Gloriavale and BNZ – where is the line on the right of accessibility to services?

Whether accessibility to banking services is a fundamental right is an issue that is currently before the High Court in the dispute between Bank of New Zealand (BNZ) and the Christian Church Community Trust, more commonly known as the Gloriavale Christian Community (Gloriavale).  So far, the Court has only issued decisions relating to interim measures.  We consider the substantive decision – which may yet be some time away – has the potential for wider application than just the banking industry.  In particular, insurers should pay attention given the potential for similar arguments to arise in the context of insurance. 

This case note explains the recent decision in which the Court granted an order continuing the interim injunction preventing BNZ from closing Gloriavale’s accounts.

Christian Church Community Trust v Bank of New Zealand [2023] NZHC 2523


In July 2022, Bank of New Zealand (BNZ) gave notice of its intention to terminate its banking relationship with 16 entities associated with Gloriavale, which impacted all of Gloriavale’s 83 accounts.  BNZ took this action following a decision of the Employment Court that three members of Gloriavale had been employees from the age of six until they left, in breach of BNZ’s Group Human Rights Policy.  Our employment team wrote about that Employment Court’s decision here; since then, there has been a further decision finding more Gloriavale members were employees (which we discuss here).

Gloriavale had been a customer of BNZ for 40 years.  Following BNZ’s notice, Gloriavale unsuccessfully applied to open accounts with other banks. 

Gloriavale applied to the High Court pleading three causes of action: breach of contract, breach of fiduciary duty, and estoppel by convention.  In doing so, it sought an interim injunction – a protective order that, essentially, preserves the status quo – to prevent BNZ from terminating its relationship with them.  This case considered whether or not to continue the injunction.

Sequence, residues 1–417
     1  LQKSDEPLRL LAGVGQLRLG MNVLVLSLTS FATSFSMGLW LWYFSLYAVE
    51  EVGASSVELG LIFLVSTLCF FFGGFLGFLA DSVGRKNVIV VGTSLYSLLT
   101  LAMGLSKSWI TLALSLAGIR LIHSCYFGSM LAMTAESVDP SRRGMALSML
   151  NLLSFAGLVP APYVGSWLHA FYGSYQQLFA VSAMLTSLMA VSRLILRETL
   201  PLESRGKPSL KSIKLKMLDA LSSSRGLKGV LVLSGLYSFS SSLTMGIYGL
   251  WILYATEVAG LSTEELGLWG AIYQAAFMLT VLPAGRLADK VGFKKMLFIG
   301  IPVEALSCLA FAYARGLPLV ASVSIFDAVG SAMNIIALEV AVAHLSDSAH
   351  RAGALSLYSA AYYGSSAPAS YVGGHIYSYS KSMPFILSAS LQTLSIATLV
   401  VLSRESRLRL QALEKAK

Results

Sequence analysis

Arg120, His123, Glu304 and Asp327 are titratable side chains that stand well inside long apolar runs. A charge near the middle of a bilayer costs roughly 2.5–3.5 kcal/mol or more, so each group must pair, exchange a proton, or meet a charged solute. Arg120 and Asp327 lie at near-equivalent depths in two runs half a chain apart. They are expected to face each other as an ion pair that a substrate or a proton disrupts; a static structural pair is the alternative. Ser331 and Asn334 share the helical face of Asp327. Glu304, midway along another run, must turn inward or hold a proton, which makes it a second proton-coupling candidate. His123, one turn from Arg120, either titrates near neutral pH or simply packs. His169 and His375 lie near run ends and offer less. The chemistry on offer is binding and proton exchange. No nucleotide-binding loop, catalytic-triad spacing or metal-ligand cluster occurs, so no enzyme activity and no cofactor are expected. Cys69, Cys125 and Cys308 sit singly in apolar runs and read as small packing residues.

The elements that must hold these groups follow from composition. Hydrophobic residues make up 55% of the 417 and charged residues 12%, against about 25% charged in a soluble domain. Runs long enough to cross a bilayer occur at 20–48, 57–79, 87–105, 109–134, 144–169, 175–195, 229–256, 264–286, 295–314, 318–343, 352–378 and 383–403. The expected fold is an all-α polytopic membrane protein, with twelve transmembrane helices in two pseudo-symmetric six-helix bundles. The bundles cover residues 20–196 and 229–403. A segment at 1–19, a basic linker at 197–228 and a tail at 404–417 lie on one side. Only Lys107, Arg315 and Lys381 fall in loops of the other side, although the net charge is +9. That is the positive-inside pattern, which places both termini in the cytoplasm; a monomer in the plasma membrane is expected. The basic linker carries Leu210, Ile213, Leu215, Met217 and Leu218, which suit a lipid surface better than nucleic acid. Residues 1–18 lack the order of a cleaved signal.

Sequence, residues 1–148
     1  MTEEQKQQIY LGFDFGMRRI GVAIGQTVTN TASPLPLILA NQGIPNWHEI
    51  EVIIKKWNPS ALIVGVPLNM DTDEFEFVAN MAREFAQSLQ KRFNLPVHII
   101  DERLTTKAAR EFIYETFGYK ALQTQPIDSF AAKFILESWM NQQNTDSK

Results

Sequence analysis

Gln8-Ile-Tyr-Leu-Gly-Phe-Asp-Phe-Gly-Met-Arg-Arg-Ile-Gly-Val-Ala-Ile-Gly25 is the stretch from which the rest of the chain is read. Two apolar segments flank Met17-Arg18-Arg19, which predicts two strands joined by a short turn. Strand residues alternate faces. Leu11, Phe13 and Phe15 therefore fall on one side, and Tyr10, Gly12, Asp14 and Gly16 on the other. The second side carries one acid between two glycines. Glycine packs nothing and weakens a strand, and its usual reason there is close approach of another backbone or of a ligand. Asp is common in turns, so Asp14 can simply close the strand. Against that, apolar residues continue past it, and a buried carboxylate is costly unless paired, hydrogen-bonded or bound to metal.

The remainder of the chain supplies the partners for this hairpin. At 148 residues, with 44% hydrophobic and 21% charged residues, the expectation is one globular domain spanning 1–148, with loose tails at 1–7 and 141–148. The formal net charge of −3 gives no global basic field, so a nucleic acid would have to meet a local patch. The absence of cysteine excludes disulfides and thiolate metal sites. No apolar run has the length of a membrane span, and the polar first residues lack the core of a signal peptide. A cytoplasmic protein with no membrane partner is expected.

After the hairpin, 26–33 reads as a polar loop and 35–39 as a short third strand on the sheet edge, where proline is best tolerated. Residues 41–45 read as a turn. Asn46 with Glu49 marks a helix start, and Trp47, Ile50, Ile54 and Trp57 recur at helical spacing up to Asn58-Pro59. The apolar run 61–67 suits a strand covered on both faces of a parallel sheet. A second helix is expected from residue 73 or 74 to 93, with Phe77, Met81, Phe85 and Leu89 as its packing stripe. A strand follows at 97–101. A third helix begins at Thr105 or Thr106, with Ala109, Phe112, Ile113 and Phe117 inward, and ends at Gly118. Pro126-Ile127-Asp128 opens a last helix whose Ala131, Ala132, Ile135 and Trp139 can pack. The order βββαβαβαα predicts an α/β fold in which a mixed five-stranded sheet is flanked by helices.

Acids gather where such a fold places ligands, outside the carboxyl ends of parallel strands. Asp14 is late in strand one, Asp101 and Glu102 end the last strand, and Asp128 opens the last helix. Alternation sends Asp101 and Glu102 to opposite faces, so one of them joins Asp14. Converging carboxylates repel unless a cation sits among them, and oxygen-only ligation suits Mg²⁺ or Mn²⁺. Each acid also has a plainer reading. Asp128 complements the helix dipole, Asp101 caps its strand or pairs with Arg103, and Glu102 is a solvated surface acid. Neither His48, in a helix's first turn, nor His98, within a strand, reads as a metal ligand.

The Court heard submissions from counsel on the common law principles applying to the exercise of absolute contractual discretion.  The default rule provides that, where a contract confers a discretionary power on one party, that party must not exercise the discretion arbitrarily, capriciously, in bad faith, or unreasonably in the sense that no reasonable contracting party could have so acted.  After the hearing, the Court of Appeal delivered its judgment in the separate case Woolley v Fonterra Co-Operative Group Ltd [2023] NZCA 266.  In that decision, the Court assumed the default rule was applicable in New Zealand without expressly deciding the point. 

BNZ argued that there was no restriction on the nature or quality of the reason for closing a customer’s bank accounts, only that it had to give reasonable notice.  Gloriavale argued that BNZ’s power was constrained by the default rule.

The Decision

There are three questions the Court must consider when deciding whether to grant (or to continue) an interim injunction:

  • whether there is a serious question to be tried;
  • where the balance of convenience lies; and
  • the overall interest of justice.